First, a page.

Skip to main content
the buy side

A meeting I had with a prospective client a few years ago has always stuck with me. She told me her adviser had done well for her in the previous five years, but had been letting her down more recently. After reviewing the data, we discovered the opposite was true. Her portfolio was actually holding up well in the current year relative to a weak market, but had performed poorly over the longer term – the return didn't nearly reflect the strength of the post tech-wreck markets.

Most investors know how a few of their individual stocks have done, some may have a sense of whether a mutual fund has been good or bad, but a vast majority have no idea how their overall portfolio has performed. This knowledge gap, which is especially evident at this time of year when clients are opening their year-end statements, is a unique and disappointing element of wealth management.

How has it come to be? There is plenty of blame to go around. Investment companies spend time and money selling products with the promise of better returns, but rarely show returns on their statements. Buy side firms (investment counsellors) do a better job than sell side dealers (brokers and banks), but no one is where they need to be. And neither are the clients. Few investors maintain any kind of discipline around monitoring their portfolio, despite the fact that their financial health depends on it.

In the face of this sad state of affairs, our firm just updated a report that helps clients assess their returns. It covers a wide range of topics, but some key themes permeate throughout.

This is important!

With the decline of the defined benefit pension plan, responsibility for investing is increasingly falling to the individual. To make the necessary decisions about asset mix and security selection, investors need to know how they're doing and what's working for them. Without an accurate assessment of the past, making future decisions is challenging to say the least.


As my story at the beginning illustrated, what's most often lacking when clients assess their results is an understanding of the environment their portfolio is operating in. They don't know if losing 2 per cent last year or earning 4 per cent over the last five years is good or bad.

Ideally, investors should construct personalized indexes. This default portfolio, or benchmark, would blend the returns from various market indexes in proportion to their particular long-term asset mixes (cash, GICs, bonds, Canadian stocks, foreign stocks). The investors then have something to compare their returns to, and assess how their strategies and hired help have done.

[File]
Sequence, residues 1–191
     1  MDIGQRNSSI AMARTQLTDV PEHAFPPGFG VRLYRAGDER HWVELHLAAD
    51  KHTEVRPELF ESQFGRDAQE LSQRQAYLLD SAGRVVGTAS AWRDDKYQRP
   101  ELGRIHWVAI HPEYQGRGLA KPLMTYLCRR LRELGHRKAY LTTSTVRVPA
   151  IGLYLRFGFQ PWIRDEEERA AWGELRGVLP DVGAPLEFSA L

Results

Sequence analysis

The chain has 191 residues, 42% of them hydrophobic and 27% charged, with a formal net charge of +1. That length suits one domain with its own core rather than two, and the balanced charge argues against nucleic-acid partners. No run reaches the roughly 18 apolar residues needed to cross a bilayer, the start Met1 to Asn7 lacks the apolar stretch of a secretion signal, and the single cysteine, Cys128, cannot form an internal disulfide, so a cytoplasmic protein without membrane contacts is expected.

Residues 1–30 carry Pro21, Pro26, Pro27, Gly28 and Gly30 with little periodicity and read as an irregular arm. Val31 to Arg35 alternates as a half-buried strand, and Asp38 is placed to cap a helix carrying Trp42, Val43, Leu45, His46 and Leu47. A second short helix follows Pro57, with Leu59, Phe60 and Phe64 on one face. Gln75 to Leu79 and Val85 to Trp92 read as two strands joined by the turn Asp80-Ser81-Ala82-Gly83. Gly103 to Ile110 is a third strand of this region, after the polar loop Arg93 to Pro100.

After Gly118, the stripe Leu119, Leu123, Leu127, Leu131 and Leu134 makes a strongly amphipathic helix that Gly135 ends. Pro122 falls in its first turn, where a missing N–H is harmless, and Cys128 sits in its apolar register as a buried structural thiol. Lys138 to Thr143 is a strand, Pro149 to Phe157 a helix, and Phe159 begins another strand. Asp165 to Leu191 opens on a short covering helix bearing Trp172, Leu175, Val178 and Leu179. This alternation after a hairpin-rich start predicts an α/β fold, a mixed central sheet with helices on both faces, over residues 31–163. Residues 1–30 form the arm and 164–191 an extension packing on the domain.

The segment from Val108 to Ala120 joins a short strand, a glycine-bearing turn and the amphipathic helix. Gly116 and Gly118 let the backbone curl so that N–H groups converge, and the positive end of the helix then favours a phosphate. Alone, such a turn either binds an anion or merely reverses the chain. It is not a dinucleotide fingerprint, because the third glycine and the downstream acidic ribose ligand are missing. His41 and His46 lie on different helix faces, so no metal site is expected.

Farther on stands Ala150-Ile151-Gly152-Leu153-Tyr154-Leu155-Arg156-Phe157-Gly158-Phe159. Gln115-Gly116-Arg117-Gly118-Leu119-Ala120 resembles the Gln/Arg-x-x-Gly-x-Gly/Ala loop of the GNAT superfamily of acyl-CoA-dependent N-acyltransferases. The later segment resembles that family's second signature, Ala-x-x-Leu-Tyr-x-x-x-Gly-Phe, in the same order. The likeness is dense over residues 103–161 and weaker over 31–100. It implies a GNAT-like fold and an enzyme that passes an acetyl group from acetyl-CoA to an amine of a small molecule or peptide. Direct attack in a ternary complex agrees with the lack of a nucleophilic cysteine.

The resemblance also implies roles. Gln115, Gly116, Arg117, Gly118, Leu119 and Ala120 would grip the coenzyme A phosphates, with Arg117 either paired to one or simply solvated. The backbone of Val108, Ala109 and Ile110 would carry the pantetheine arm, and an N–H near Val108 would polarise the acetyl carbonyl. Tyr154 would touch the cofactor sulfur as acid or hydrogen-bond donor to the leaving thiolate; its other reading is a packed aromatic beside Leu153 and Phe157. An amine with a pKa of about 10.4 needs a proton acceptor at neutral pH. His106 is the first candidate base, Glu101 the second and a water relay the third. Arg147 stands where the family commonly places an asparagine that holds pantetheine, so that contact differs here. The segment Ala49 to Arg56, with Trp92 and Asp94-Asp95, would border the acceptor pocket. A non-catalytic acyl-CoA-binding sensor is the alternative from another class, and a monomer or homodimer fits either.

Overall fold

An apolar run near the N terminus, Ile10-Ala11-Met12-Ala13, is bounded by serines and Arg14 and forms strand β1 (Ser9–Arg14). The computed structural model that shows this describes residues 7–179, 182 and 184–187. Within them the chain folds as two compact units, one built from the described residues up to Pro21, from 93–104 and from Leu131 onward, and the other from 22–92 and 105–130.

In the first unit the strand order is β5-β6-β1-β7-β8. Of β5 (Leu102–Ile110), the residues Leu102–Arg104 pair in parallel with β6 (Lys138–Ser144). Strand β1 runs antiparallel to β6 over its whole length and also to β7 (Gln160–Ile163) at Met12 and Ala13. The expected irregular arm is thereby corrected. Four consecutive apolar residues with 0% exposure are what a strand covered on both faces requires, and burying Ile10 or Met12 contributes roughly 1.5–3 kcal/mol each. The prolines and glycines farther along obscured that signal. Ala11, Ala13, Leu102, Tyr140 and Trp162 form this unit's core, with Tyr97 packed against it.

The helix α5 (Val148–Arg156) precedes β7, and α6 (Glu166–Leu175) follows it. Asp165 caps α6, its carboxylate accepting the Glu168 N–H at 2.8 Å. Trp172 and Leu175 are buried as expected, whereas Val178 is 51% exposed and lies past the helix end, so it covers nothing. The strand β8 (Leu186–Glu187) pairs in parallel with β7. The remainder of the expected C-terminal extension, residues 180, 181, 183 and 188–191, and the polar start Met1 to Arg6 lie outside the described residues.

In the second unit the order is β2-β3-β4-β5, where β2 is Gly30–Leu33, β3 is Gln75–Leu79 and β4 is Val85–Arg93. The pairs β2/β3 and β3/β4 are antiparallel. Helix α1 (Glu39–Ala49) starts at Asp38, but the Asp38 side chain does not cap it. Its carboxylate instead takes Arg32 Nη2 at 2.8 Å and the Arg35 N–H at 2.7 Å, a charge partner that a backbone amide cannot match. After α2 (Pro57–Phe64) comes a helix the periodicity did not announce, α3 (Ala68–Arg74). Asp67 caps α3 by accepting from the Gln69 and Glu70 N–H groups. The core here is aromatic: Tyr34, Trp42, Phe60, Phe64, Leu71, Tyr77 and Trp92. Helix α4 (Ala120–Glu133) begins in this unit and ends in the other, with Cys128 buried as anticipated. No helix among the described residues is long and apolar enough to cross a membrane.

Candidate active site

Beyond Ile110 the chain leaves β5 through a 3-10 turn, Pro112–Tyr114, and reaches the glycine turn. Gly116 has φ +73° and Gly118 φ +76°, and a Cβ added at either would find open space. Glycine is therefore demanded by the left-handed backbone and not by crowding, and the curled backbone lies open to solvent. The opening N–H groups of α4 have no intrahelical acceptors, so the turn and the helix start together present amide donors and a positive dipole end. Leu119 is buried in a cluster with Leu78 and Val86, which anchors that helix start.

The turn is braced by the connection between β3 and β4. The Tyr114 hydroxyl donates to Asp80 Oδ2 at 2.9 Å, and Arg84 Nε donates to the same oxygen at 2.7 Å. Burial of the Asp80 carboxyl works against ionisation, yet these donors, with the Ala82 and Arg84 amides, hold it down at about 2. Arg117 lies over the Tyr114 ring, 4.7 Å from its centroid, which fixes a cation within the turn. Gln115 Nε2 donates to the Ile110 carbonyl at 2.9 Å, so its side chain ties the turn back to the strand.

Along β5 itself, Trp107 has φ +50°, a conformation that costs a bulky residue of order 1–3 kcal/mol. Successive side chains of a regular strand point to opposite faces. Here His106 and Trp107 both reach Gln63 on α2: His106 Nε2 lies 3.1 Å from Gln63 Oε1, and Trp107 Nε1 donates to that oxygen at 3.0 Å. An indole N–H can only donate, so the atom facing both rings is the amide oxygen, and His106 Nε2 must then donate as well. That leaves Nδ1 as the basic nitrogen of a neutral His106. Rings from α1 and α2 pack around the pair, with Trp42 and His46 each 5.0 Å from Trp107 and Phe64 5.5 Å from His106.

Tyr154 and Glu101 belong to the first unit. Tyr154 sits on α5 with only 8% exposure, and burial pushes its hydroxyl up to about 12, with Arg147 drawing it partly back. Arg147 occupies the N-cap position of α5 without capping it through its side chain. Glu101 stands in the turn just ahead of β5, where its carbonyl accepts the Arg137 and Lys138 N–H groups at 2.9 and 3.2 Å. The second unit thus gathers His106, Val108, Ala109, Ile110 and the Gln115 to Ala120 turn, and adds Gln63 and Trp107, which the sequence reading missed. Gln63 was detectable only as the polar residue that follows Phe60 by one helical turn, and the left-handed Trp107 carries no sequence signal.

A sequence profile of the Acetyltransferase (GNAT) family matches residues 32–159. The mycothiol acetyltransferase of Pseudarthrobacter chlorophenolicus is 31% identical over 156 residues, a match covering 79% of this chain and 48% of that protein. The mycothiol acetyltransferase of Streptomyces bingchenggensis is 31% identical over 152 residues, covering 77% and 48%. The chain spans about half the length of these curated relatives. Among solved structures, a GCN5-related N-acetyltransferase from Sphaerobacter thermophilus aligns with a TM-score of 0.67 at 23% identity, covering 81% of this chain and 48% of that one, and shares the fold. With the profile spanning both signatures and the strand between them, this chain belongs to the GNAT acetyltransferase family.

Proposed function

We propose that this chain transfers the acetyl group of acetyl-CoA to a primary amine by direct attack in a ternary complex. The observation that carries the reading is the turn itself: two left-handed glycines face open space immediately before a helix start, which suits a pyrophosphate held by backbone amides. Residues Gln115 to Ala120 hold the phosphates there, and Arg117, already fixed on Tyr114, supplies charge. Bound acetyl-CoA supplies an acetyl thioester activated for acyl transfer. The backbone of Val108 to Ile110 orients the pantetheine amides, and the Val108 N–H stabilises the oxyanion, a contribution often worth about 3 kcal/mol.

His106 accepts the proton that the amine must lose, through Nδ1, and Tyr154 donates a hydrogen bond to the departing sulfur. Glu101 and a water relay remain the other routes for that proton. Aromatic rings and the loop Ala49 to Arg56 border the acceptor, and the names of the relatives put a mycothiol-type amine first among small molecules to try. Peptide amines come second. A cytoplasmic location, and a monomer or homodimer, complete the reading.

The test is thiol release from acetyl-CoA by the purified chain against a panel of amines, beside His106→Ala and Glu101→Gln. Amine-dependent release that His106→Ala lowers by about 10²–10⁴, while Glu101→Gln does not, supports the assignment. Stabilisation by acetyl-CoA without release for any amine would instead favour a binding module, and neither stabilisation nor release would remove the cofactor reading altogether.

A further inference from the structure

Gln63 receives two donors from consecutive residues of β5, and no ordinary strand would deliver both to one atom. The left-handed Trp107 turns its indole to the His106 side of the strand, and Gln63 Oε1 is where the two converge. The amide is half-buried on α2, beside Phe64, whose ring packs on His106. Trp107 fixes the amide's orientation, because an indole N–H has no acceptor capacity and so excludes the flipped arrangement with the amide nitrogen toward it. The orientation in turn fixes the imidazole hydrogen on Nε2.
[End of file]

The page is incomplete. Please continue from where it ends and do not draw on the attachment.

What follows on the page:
Unchanging criteria

Too often a fund is bought for long-term reasons and then judged by how it's done for the short time it's been in the portfolio. It doesn't make sense. If a fund was selected using the four Ps – philosophy, process, people and performance (long-term) – then it should be consistently measured against those same criteria.

This is particularly important for investments that have been weak performers. After all, not all components of the portfolio do well at the same time (if they do, then the portfolio is not properly diversified). Staying focused on the initial selection criteria will help investors determine how likely it is that the laggards will one day take their turn carrying the load. And importantly, it will give them the confidence to allocate money to these areas of weakness when their plan calls for it.

I should note that it's hard not to focus on the laggards when reviewing a portfolio, but it's important to also look critically at the current winners. Short-term glory shouldn't obscure the need for an ongoing assessment.

Action and inaction

In the end, a thorough portfolio review produces lots of grey. Black and white conclusions, such as consistently poor performance, personnel or philosophy changes, and excessive fees, are the exception, not the rule. Most performance gaps require more study and patience. On that note, I can say unequivocally after 28 years of observation and painful experience, the biggest weakness investors have is impatience. They don't wait long enough for their strategies to play out and as a result, sell when the assets are most attractive. In my view, a proper performance assessment helps foster that much-needed patience.